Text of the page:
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Criminal Procedure - Outline Part 20

By Collin B. Hardee

Download the PDF version of this outline

<< Part 19 | Part 21 >>

Good Faith Situation Summary
  • If a police officer believes that there is a valid outstanding arrest warrant for a suspect, and the officer’s belief it is reasonable under all the circumstances as known to him, a search done pursuant to that arrest warrant will NOT be invalidated even though there was really no warrant, and even though the incorrect info given to the officer was the result of negligence by the court system or by the police themselves
  • The focus is on the facts as the arresting officer reasonably believed them to be. Thus, if a reasonable person in the arresting officer’s situation would have known that the warrant records were riddled with systemic errors, the officer’s reliance on the info that a warrant was outstanding might be “reckless” and thus not in good faith
  • It will be very difficult for a suspect to ever get an arrest based on a warrant – and the consequent search incident to that arrest – thrown out on grounds that the warrant did not exist or was improperly issued. It won’t be enough for the suspect to show that the incorrect info that the warrant existed was due to negligent data-entry or systems-maintenance by the police department itself. The suspect will apparently have to show:
    1. the incorrect info that the warrant existed was due to negligent data-entry or systems-maintenance by the police department itself;
    2. that info in the police arrest-warrant system was either:
      1. filled with deliberate falsehoods; or
      2. so systemically riddled with negligent errors as to make the system’s operation reckless; and
    3. that the falsity or systemic error-proneness was so widely known with the department that the arresting officer could not reasonably have had confidence in the information he was given

Reliance on Later-Overruled Legal Principle, i.e., a Reasonable Error about what the Appropriate Legal Rule is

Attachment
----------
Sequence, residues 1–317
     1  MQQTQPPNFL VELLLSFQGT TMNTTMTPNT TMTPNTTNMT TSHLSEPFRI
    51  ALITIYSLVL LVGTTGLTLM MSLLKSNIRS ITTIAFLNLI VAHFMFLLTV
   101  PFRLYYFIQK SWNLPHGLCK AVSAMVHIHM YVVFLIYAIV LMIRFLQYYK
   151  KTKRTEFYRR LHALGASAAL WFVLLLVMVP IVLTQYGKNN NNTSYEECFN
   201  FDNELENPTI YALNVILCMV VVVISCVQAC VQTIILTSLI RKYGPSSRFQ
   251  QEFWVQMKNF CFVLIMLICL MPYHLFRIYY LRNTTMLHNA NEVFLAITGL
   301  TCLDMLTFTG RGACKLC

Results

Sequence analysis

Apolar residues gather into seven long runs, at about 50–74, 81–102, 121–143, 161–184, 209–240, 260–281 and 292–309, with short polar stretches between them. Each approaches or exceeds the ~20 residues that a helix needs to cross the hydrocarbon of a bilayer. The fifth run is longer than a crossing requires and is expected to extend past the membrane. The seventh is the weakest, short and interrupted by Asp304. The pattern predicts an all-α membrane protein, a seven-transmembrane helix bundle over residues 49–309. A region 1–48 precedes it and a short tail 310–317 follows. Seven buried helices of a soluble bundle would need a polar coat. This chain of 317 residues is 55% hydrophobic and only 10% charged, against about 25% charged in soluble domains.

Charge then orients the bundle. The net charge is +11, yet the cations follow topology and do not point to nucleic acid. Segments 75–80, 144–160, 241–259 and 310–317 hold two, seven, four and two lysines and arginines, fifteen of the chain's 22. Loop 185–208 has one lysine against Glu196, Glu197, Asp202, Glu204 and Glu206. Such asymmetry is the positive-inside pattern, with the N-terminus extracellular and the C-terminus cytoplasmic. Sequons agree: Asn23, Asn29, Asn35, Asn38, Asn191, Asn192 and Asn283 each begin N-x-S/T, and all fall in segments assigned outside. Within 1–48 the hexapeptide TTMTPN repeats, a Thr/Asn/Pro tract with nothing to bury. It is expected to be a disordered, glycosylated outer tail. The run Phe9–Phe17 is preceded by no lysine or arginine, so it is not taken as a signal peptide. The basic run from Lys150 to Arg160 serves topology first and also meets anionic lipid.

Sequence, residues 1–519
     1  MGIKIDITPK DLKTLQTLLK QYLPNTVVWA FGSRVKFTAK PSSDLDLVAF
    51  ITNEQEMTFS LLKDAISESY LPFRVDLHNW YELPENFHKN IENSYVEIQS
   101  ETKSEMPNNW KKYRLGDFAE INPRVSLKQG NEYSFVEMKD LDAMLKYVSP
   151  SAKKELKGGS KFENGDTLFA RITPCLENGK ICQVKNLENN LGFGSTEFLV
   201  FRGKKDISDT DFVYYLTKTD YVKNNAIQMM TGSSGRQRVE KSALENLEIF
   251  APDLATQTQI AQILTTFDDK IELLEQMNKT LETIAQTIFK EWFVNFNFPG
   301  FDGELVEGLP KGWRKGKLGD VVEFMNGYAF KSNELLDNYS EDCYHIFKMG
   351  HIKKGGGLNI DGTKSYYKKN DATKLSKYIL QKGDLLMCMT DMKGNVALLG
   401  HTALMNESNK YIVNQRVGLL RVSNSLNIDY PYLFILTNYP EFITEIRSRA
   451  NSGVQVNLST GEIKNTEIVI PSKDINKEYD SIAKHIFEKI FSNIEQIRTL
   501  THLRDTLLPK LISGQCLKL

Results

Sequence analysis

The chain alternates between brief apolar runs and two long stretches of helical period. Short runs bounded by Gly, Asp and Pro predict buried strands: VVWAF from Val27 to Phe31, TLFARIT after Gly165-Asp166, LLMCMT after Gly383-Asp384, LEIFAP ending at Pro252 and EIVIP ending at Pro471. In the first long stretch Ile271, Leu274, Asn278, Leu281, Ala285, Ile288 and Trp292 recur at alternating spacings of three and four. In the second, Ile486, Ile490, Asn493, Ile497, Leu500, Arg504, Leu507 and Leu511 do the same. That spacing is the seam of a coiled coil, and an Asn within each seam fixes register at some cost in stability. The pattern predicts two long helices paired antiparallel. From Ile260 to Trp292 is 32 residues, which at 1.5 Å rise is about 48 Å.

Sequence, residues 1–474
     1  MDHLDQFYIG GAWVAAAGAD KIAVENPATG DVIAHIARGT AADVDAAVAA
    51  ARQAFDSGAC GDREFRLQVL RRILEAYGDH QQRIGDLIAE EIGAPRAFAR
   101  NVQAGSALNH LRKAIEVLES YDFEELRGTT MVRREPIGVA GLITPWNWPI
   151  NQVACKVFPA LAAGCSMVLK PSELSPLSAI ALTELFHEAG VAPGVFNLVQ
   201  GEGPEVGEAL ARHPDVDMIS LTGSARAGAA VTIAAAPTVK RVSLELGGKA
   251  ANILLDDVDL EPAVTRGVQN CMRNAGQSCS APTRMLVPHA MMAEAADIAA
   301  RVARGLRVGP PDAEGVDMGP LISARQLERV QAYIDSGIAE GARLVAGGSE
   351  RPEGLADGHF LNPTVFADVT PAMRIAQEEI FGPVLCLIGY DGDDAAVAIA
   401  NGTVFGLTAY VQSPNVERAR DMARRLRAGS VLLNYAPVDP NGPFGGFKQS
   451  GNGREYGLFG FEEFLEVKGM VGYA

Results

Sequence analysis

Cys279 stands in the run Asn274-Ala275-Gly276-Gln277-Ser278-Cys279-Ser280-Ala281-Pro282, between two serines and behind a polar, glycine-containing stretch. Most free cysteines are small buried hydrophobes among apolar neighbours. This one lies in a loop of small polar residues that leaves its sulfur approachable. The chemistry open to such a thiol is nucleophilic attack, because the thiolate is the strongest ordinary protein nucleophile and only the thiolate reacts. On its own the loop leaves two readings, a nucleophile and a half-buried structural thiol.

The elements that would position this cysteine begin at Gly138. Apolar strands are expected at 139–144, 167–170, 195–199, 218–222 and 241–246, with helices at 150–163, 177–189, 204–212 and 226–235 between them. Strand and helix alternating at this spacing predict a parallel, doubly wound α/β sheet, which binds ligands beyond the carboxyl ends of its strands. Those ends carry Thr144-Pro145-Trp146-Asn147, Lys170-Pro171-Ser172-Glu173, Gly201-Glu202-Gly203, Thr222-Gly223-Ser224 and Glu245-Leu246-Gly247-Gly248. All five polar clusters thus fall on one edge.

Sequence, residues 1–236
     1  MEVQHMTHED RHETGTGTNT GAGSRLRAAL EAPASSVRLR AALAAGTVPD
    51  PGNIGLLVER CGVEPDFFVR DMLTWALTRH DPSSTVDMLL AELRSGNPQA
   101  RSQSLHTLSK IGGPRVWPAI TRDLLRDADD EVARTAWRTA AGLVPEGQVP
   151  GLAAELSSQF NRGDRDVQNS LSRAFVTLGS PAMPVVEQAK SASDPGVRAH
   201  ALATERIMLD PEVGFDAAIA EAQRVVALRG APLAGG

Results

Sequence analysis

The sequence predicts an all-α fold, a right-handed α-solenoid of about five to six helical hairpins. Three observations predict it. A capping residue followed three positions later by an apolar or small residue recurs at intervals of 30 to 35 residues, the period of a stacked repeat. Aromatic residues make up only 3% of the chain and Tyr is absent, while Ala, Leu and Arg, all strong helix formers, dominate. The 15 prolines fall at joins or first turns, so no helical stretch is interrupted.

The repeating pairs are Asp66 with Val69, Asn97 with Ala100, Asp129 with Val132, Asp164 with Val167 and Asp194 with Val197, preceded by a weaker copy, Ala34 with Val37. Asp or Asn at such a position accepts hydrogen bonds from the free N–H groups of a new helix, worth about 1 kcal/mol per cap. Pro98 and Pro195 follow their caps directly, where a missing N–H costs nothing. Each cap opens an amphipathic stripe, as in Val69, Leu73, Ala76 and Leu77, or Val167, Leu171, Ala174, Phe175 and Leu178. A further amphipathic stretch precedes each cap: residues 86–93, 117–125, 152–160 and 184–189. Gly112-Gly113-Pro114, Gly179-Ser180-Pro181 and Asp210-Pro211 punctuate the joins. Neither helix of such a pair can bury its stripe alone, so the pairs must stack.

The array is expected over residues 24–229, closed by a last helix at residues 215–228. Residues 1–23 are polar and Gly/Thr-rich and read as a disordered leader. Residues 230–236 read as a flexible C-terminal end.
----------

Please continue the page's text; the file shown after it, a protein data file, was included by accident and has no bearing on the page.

• Davis v. US (2011) → when the police conduct a search that is legal under a binding legal precedent that is later overruled, the police and prosecution get the benefit of Leon, so that the exclusionary rule will not be applied to keep out the results of the search
    • Broader Significance – Davis means that Leon will be applied (preventing application of the exclusionary rule) whenever the police obtain evidence “as a result of non-culpable, innocent police conduct.
    • Situation in Davis Police arrested defendant using, at the time of the arrest, good legal precedent. After D was convicted but while his appeal was will pending, the SC overruled the legal precedent his arrest was relied upon
    • Issue – If the police rely on binding legal precedent that makes a search legal, does the Leon good-faith exception apply if that precedent is later overruled, so that the search would be illegal?
    • Holding – the police and prosecution should get the benefit of the precedent on which they relied, even though while the case was still pending the precedent turned out to be bad law
    • Rationale – The Leon good-faith exception should apply, “because suppression would do nothing to deter police misconduct in these circumstances, and because it would come at a high cost to both truth and public safety.” So police reliance on what turns out to be an erroneous – but is at the time, binding – appellate decision falls within the general rule that the good-faith exception applies to all “nonculpable, innocent police conduct.”
Police Interrogations & Confessions Investigation Failures